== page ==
Facebook said it stopped paying commissions to employees who sell political ads, as the tech giant overhauls how it engages with campaigns ahead of elections in 2020.
Once seen as a growth area, political ads are now viewed within Facebook as more of a headache, according to former employees and campaign staffers who work on digital strategies. In the wake of revelations about Russian efforts to influence the 2016 election, senior leaders at the company debated whether it should cease running political ads entirely, former employees familiar with the discussions said. Chief Executive Mark Zuckerberg made the final call to stay in the business, though changes will be made to how it operates, one former employee said.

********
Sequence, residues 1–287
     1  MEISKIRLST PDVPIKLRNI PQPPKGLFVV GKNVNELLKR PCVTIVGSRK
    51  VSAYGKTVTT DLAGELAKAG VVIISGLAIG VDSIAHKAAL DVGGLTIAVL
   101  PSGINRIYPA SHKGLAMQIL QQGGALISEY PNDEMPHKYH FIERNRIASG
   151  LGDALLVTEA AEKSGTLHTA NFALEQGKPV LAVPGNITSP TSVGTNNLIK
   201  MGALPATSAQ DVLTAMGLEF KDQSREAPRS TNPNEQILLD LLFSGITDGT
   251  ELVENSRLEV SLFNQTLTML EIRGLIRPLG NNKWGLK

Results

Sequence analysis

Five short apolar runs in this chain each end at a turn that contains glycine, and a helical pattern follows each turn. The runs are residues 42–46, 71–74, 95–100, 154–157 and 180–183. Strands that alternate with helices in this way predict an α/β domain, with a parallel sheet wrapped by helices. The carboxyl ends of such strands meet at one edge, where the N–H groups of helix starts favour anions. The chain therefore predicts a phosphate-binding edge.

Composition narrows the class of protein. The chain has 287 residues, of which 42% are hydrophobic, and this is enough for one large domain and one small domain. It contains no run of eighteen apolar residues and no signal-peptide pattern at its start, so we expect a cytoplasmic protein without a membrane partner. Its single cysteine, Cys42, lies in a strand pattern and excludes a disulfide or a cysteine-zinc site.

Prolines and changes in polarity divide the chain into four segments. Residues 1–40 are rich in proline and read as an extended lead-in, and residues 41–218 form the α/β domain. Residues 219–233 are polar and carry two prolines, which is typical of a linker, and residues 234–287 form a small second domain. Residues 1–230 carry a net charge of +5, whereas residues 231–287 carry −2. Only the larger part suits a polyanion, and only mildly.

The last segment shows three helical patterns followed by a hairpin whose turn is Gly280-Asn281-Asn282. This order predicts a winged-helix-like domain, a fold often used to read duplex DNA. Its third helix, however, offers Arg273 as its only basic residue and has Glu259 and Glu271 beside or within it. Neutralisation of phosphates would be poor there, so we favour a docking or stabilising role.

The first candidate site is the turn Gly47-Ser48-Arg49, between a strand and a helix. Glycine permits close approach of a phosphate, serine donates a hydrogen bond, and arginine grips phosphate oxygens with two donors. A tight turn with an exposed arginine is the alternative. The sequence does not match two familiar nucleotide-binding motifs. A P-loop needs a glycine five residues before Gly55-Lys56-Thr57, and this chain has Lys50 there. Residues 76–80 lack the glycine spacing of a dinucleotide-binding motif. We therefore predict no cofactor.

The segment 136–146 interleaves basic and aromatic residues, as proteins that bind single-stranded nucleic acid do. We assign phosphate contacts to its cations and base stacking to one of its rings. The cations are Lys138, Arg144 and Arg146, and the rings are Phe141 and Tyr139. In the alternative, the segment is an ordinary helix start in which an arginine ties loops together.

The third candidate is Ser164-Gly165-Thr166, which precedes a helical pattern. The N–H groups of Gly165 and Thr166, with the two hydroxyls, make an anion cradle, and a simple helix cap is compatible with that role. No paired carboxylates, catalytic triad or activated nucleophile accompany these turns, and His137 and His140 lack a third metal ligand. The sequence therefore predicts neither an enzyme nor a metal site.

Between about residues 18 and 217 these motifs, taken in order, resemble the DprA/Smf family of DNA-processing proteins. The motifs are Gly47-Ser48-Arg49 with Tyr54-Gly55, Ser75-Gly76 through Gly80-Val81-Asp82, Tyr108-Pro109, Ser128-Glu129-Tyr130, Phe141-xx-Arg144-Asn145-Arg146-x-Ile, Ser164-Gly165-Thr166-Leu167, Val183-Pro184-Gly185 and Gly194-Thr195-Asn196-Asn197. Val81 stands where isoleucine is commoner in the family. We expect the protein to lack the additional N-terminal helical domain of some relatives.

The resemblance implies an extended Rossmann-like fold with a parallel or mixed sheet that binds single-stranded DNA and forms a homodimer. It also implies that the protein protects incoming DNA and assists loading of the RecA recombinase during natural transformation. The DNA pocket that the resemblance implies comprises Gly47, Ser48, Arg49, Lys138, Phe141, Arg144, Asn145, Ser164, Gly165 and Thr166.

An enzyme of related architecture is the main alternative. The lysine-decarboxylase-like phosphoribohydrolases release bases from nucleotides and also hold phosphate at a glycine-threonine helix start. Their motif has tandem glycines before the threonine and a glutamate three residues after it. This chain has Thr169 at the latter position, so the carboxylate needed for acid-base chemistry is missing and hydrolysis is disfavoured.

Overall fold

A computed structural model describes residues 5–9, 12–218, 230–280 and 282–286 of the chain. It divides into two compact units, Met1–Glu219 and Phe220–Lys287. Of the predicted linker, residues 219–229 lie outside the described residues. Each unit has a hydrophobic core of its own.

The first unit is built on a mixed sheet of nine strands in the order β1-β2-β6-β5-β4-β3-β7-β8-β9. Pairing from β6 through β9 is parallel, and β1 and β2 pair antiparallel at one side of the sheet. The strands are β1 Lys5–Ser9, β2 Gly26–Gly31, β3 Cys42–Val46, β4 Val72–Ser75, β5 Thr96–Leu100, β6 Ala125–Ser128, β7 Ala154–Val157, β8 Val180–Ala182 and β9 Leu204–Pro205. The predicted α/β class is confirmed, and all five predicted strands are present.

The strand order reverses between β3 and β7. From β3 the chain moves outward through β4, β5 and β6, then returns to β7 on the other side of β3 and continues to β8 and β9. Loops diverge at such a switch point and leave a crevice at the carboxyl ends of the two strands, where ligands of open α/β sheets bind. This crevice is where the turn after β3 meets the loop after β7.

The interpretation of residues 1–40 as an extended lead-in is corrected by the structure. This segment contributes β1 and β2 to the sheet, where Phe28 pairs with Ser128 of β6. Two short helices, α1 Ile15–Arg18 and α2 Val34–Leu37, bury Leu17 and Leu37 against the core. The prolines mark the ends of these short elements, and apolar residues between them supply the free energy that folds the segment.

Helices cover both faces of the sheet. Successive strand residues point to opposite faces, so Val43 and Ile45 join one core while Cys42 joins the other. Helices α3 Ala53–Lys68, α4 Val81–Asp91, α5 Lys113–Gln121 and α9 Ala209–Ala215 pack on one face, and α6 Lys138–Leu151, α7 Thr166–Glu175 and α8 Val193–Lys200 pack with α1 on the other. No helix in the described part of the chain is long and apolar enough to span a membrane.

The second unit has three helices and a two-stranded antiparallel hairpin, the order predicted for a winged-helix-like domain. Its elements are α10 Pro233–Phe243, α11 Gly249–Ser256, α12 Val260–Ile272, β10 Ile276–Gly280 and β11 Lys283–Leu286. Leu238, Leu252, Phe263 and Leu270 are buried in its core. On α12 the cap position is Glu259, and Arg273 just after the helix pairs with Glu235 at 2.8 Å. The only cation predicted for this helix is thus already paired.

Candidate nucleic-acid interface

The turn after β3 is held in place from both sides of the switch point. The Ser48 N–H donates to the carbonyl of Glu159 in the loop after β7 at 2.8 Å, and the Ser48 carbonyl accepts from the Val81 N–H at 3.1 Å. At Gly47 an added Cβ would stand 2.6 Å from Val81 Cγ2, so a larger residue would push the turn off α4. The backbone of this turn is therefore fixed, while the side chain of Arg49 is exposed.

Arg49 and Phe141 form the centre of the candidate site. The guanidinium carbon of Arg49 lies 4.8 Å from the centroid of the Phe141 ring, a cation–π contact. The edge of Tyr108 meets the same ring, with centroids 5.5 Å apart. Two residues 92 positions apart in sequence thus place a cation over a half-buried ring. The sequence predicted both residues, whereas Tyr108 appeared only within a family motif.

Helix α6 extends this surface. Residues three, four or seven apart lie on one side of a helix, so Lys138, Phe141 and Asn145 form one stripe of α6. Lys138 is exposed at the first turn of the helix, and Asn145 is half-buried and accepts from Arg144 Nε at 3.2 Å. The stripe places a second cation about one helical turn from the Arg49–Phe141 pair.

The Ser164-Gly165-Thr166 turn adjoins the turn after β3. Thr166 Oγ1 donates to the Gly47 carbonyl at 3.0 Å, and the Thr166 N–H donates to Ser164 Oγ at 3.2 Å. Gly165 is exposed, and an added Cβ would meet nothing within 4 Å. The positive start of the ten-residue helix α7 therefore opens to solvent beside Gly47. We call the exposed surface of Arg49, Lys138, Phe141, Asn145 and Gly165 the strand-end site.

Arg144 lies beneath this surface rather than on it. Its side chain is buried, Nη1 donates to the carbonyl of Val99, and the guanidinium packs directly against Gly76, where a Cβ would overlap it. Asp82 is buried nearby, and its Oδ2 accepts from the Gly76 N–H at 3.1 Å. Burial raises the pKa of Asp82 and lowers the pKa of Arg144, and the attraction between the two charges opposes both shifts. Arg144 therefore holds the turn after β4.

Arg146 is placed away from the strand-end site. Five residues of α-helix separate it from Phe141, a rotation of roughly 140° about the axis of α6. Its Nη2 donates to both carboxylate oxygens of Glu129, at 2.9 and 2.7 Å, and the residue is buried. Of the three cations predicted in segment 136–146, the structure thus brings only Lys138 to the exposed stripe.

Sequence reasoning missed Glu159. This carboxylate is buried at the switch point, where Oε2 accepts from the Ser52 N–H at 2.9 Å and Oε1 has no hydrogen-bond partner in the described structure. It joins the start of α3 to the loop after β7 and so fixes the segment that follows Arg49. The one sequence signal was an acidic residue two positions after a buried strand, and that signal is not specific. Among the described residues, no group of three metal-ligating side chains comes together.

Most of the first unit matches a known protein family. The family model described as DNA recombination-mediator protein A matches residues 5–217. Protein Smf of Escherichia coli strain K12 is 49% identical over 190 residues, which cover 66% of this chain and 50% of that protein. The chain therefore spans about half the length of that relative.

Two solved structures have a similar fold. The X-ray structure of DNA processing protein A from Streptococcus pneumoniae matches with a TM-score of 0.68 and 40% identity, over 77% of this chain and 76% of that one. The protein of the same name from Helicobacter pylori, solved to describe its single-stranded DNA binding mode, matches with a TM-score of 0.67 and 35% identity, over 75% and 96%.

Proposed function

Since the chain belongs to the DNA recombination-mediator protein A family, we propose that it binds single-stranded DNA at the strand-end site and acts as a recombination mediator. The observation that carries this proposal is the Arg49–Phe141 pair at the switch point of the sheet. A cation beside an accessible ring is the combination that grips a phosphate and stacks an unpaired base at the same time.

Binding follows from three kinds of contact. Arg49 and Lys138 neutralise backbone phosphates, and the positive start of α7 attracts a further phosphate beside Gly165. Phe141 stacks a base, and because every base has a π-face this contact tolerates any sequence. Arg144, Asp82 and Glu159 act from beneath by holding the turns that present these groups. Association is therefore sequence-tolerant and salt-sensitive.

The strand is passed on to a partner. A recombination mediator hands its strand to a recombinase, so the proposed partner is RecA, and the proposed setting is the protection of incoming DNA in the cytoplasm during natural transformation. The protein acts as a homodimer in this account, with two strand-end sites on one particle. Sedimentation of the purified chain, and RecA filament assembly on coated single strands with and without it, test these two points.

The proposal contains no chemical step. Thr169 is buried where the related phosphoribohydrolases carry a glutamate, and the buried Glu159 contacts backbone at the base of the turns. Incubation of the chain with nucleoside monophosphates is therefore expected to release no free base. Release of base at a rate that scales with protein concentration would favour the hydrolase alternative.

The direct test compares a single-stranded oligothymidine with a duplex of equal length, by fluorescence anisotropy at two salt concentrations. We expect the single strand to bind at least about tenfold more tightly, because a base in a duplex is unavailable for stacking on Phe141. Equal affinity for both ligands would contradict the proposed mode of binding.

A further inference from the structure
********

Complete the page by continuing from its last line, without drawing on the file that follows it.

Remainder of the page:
Scrutiny of Facebook’s role in the political process has only intensified over the past 18 months, with allegations that its platforms have been used for attempted election manipulation efforts on six continents.
Facebook’s new approach to political ad sales is designed to eliminate incentives for employees to push a more-is-better strategy with campaigns. The ad-buying portal for campaigns is now largely self-serve, with Facebook staffers available to help campaigns register to buy ads, assist if certain ads are stuck in review and provide other basic customer service. Sales employees are no longer paid based on reaching or exceeding goals related to ads purchased promoting either a candidate or politically tinged messages in the U.S. and abroad, said Katie Harbath, Facebook’s global elections public policy director.